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Political ideas, under international relations - Coursework Example

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Running Head: Direct and Representative Democracy Direct and Representative Democracy [The [The Name of the Institution] Direct and Representative Democracy Democracy, in Greek, is derived from demokratia, the root meanings of which are demos (people) and kratos (rule)…
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Political ideas, under international relations
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Political ideas, under international relations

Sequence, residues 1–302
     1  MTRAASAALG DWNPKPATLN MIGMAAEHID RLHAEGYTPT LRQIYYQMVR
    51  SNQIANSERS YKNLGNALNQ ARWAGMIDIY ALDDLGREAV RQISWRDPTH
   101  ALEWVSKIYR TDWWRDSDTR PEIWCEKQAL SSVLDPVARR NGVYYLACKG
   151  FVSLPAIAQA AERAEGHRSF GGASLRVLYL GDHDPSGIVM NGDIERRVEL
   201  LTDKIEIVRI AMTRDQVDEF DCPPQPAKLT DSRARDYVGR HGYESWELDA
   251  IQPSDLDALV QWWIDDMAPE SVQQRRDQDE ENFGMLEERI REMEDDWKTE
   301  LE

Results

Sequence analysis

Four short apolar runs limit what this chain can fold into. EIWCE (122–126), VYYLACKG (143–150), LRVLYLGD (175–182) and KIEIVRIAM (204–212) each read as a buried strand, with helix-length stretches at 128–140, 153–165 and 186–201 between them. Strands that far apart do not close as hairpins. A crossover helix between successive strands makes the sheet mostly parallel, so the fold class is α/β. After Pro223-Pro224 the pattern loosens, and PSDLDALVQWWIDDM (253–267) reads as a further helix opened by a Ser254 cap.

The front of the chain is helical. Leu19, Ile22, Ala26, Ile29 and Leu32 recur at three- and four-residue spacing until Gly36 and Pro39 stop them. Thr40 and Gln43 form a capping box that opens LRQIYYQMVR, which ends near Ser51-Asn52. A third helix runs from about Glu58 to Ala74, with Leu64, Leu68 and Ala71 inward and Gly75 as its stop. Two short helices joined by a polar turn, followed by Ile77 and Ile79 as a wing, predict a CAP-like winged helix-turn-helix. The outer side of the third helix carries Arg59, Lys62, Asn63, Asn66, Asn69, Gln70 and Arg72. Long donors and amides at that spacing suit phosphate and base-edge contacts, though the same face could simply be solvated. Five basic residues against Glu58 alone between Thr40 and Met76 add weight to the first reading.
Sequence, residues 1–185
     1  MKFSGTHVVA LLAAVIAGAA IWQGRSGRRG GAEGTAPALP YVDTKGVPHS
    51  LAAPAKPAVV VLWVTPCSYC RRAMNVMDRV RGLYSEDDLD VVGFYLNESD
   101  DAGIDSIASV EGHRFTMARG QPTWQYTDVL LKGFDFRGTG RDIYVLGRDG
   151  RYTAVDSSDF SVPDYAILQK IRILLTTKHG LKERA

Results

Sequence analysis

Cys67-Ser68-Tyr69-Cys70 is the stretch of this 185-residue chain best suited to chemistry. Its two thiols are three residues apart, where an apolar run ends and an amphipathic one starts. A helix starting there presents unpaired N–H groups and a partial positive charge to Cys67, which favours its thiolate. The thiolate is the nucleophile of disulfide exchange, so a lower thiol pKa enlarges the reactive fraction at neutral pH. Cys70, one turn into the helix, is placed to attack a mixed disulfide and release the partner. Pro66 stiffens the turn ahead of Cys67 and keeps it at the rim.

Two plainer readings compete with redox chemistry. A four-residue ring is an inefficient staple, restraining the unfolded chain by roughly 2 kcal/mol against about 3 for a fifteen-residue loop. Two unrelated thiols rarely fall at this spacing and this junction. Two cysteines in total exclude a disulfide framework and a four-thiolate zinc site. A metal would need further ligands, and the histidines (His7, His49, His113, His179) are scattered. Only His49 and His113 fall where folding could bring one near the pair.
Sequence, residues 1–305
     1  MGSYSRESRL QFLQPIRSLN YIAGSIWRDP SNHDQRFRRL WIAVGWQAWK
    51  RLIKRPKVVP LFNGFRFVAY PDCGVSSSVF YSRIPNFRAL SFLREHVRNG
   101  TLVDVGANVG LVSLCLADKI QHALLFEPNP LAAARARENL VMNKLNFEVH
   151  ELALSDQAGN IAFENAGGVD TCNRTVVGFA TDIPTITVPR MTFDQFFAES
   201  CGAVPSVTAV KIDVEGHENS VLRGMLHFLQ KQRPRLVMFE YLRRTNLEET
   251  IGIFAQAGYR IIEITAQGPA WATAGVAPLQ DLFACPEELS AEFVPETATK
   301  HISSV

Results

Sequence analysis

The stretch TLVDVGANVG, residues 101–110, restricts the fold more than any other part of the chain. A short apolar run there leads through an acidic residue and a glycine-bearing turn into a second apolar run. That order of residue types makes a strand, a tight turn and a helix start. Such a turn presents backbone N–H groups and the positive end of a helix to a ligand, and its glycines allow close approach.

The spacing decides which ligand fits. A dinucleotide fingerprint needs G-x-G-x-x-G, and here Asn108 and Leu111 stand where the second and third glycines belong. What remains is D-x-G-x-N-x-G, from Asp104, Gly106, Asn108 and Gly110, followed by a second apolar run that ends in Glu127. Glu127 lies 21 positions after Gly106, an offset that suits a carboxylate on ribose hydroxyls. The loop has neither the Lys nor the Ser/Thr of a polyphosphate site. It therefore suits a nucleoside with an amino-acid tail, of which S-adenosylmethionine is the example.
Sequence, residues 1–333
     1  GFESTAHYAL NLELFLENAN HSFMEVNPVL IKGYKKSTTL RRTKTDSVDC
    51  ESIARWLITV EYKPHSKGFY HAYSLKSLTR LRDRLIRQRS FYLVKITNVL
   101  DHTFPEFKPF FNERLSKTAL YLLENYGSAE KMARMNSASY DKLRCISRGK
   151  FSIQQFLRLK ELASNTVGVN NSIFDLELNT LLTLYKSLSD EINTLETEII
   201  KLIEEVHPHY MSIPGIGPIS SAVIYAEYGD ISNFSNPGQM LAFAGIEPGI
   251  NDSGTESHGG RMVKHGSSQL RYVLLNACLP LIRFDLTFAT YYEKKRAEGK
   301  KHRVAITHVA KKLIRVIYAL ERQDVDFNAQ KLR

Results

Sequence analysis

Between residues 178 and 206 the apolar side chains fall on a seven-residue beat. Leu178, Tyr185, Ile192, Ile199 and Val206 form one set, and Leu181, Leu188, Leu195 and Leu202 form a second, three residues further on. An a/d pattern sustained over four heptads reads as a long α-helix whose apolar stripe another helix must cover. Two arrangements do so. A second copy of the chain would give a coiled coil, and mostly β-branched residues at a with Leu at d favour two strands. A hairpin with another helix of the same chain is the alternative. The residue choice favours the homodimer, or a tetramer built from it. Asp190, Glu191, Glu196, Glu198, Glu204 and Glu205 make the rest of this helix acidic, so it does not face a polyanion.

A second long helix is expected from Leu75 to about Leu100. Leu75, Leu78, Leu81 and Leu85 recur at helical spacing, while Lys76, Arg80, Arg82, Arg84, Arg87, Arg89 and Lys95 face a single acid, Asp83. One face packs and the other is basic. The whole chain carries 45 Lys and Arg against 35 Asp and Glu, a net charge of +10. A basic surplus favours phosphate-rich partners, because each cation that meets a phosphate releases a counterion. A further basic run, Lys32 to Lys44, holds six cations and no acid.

It is perhaps better conceived as two aspects of the same thing that can not be separated with clear lines. First, it is a practice or method of government, a set of forms and procedures. Second, it relates to ends rather than means, to an ideal or set of ideals. A direct democracy is a political system in which all citizens are allowed to influence policy by means of a direct vote on any particular issue. However it is impracticable except in a very small polity. Even though it was practiced in Athens, it didn't involve all the people, only adult male citizens. Representative democracy can simply be defined as an indirect democracy in which the people do not themselves govern but elect representatives who govern them. As for the relation between electoral and representative democracy, it will suffice to note that the former is a necessary, though not sufficient, condition of the latter. This is also to say that the concept of representative democracy comprehends electoral democracy; but the reverse is not true. While modern democracies are jointly electoral and representative, an electoral democracy that does not elect representatives is a distinct possibility. The other two notions--direct democracy and referendum democracy--require a somewhat more detailed explication. Although a direct democracy can be simply defined a contrario, that is, as a democracy without representatives and without representational transmission belts, yet this specimen displays subspecies that command separate recognition. Any direct democracy is, in some sense, a self-governing democracy. But we know that the meaning of self-government crucially hinges on the size factor; (Banducci, 1998, 116) so does the meaning and reality of direct democracy. A literal, authentically self-governing direct democracy can be said to exist only with reference to relatively small groups--say, up to assembly-size groups. Beyond the assembly size, the most meaningful distinction is between observable direct democracy, and a direct democracy whose size escapes direct observability, that is, a greater than observable one. The democracy of the ancients qualifies as observable, for it resolved itself not only in the gathering of the citizens in a single place but in an observable behaviour of the participants. But the magnitude that allows for such observability is in the order of a few thousands. And that order of magnitude already brings about a great deal of indirectness in a direct democracy. Only in part was Greek democracy truly and authentically "direct." And when we come to a greater-than-observable direct democracy, what makes it direct is only, or basically, the inference that it is not a representative kind of democracy. The notion of referendum democracy will help to qualify this last assertion. The original idea of a representative was of a person elected to express or reflect the views of his constituents. (Raphael, 1990, 91) However, this does not seem possible, the representative needs to gather his constituents and get the view of them on every issue. Therefore the representative chosen is not obliged to mirror the ideas of his constituents rather he is elected as a man of good judgement. This is a doctrine often known as Edmund Burke's Principle, which states that representatives should act upon their own conscience in the affairs of a representative democracy. Nevertheless in practice, the inevitable rise of the well disciplined party system has caused representatives to decide under the ... Read More
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